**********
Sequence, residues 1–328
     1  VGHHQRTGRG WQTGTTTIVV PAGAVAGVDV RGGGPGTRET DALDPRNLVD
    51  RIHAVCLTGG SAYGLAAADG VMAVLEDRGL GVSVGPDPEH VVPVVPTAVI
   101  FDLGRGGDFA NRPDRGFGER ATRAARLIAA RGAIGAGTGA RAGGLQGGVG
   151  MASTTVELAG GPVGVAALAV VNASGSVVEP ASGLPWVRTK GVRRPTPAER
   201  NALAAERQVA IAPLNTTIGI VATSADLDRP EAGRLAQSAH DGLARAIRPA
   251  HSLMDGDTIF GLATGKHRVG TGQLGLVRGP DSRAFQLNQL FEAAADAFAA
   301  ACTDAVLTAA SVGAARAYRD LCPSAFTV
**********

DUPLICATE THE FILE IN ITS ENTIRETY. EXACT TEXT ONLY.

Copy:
Sequence, residues 1–328
     1  VGHHQRTGRG WQTGTTTIVV PAGAVAGVDV RGGGPGTRET DALDPRNLVD
    51  RIHAVCLTGG SAYGLAAADG VMAVLEDRGL GVSVGPDPEH VVPVVPTAVI
   101  FDLGRGGDFA NRPDRGFGER ATRAARLIAA RGAIGAGTGA RAGGLQGGVG
   151  MASTTVELAG GPVGVAALAV VNASGSVVEP ASGLPWVRTK GVRRPTPAER
   201  NALAAERQVA IAPLNTTIGI VATSADLDRP EAGRLAQSAH DGLARAIRPA
   251  HSLMDGDTIF GLATGKHRVG TGQLGLVRGP DSRAFQLNQL FEAAADAFAA
   301  ACTDAVLTAA SVGAARAYRD LCPSAFTV